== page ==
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Tuesday, June 16, 2009


Notes: Burgoon's Clutch Shot Leads Texas A&M To Title

Drew Kittleson
Drew Kittleson, runner-up at last year's U.S. Amateur, said he needs to pace himself this week and not allow adrenaline to take over. (John Mummert/USGA)
By David Shefter, USGA

Farmingdale, N.Y. – It was the shot heard 'round College Station - a wedge approach to a couple of feet at Inverness Club’s 18th hole that clinched the NCAA Division I title for Texas A&M.

And now Bronson Burgoon’s club, which carried the Aggies to their first national championship, is enshrined at Inverness along with another sand wedge used to win a major title on the 18th hole.

Bob Tway holed out a bunker shot at the 72nd hole of the 1986 PGA Championship for a birdie to beat Greg Norman.

“[Inverness] wanted it,” said Burgoon during a Monday news conference at this week’s U.S. Open at Bethpage Black, where he is one of 15 amateurs in the field.

After handing over the wedge to the venerable Toledo, Ohio, club, Burgoon had to put a new set of wedges into his bag for U.S. Open qualifying on June 8 and the championship proper.

Not that he minds too much.

After all, he’s now part of history.

More Amateurs
For an amateur to be eligible to compete in the U.S. Open, the player must have an official USGA Handicap Index no higher than 1.4.

But a quick look at the 15 amateurs competing this week at Bethpage State Park indicated that the highest Index was 0.0 (Tyson Alexander) and the lowest was Rickie Fowler, at +5.2.

School Daze
Every year, the USGA has a little fun with the groupings and starting times for the U.S. Open. The traditional grouping has the reigning U.S. and British Open champions playing with the current U.S. Amateur champion, but last year's Amateur winner, Danny Lee, turned pro after the Masters and then failed to qualify for Bethpage.

So 2008 U.S. Open champion Tiger Woods and British Open winner Padraig Harrington are instead playing with 2009 Masters champion Angel Cabrera.

This year, the USGA has an all Oklahoma State grouping (Casey Wittenberg, Bo Van Pelt and amateur Rickie Fowler), as well as an all Clemson grouping (D. J. Trahan, Lucas Glover and amateur Kyle Stanley).

But the Association could have grouped golfers from the University of Arizona (Nathan Tyler, Jim Furyk, Rory Sabbatini and Ricky Barnes); the University of Florida (Camilo Villegas, Brian Gay, Tyson Alexander); Arizona State (Phil Mickelson, Paul Casey, Matt Jones) and Georgia Tech (Stewart Cink, amateur Cameron Tringale, David Duval and Matt Kuchar) and UNLV (Chad Campbell, Adam Scott and Ryan Moore).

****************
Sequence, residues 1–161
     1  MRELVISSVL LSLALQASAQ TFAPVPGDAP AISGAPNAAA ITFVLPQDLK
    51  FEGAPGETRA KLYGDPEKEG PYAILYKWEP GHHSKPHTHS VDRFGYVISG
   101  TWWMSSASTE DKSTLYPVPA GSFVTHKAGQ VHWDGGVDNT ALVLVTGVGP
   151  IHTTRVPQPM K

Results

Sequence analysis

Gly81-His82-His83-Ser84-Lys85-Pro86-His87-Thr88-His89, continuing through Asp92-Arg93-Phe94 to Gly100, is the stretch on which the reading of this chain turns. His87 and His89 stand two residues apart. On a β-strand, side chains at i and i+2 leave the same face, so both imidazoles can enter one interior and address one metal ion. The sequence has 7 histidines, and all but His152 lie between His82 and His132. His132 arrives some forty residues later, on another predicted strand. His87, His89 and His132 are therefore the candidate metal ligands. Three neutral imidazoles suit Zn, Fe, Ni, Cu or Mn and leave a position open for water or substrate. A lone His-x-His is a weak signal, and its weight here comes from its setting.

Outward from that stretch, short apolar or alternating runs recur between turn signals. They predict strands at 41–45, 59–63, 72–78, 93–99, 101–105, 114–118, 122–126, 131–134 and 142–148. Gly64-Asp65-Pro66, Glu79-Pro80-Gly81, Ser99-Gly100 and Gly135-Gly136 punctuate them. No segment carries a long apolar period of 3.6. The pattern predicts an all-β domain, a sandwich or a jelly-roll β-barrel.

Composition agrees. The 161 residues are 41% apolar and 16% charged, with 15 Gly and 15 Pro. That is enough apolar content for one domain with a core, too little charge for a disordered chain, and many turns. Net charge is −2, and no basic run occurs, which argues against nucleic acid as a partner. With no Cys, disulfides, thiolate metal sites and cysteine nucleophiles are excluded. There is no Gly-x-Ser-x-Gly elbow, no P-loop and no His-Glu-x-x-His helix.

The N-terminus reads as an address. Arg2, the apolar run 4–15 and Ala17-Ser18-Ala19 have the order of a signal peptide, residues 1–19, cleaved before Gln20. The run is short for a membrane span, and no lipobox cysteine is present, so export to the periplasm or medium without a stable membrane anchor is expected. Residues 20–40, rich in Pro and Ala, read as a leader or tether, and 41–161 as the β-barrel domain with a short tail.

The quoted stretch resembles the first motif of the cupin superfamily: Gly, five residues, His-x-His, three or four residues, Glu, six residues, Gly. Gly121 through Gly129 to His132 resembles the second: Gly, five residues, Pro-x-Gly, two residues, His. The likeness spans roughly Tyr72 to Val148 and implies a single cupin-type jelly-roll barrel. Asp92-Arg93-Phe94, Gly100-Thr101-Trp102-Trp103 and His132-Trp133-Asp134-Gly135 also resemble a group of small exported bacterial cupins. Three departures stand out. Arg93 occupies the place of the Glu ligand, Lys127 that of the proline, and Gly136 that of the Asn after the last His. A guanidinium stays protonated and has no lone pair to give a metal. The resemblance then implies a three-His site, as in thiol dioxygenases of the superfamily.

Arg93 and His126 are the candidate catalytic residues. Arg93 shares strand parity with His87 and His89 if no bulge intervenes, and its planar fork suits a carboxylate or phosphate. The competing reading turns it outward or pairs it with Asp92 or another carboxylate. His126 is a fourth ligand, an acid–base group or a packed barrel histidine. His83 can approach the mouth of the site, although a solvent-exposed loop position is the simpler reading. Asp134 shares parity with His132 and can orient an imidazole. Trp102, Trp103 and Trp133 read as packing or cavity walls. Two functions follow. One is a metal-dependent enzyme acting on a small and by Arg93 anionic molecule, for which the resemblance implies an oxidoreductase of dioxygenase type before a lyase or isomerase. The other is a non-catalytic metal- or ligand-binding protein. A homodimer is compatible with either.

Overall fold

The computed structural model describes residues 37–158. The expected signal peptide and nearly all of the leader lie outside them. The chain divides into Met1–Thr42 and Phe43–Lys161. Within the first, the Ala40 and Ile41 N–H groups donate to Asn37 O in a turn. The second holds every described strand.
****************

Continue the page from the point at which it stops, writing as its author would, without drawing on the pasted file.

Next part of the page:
Getting Comfortable
One thing 2008 U.S. Amateur runner-up Drew Kittleson learned from his Masters experience in April was to pace himself. Most college players aren’t used to playing three or four practice rounds before a tournament, so when Kittleson played several practice rounds at Augusta National, he was exhausted by the time the tournament started on Thursday. He missed the cut, but not before he recorded a pair of second-nine eagles in round two.

Nevertheless, the Scottsdale, Ariz., resident is reminding himself not to get ahead of himself as he prepares for his first U.S. Open.

“I learned a lot about how my body reacts,” said Kittleson, a rising junior at Florida State. “I was pretty tired during Masters week.”

Return Engagement
A total of 40 players in this year’s field competed at Bethpage in 2002, including champion Tiger Woods and runner-up Phil Mickelson. Among the notables to miss the cut in ’02 were Retief Goosen, who entered as the defending champion, Jim Furyk, Stephen Ames and David Duval.

Black Magic

Craig Bowden is the only player to have made it through local and sectional qualifying for both the 2002 and 2009 U.S. Opens. The Indiana native, who plays the Nationwide Tour, made the cut in '02, the only time he has played the weekend in four previous Open appearances.

When he tees off on Thursday, fans can serenade him with a rendition of “Happy Birthday” since he turns 40 on the first day of the Open.


A few other players are celebrating birthdays this week, including four-time U.S. Open runner-up and sentimental favorite Phil Mickelson, who turned 39 on Tuesday. Mickelson was to arrive Tuesday after returning to California following the St. Jude Classic in Memphis, Tenn., to see his wife, Amy, who was diagnosed with breast cancer last month.

Also celebrating a birthday on Tuesday was England’s Simon Khan, who turned 27. Fred Funk turned 53 on Sunday and 1992 U.S. Amateur champion Justin Leonard turned 37 on Monday. Anthony Kim turns 24 on Friday and 1997 U.S. Amateur champion Matt Kucher will be 31 this Sunday, which is also Father’s Day.

Foreign Invasion

A total of 21 countries are represented this week with England leading the way with 11 players, followed by Australia (nine) and South Africa (seven). Spain is fourth with five.

Numbers Game
This year 29 players made it through both local and sectional qualifying. A record total of 9,086 entries were accepted and just 63 were fully exempt at the April 29 deadline. Twelve more became exempt on May 25 through current-year money lists and the top 50 in the Official World Golf Ranking, leaving 81 qualifying spots from a pool of 9,011 golfers.

David Shefter is a USGA Digital Media staff writer. E-mail him with questions or comments at dshefter@usga.org.

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